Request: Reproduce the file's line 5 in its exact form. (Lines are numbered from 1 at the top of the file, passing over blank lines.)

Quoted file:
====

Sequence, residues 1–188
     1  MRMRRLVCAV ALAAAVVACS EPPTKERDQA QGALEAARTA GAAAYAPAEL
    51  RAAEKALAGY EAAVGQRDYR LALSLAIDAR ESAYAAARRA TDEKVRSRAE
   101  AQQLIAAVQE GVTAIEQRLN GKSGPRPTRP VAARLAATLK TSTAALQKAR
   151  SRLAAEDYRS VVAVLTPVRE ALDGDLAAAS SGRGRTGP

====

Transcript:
   151  SRLAAEDYRS VVAVLTPVRE ALDGDLAAAS SGRGRTGP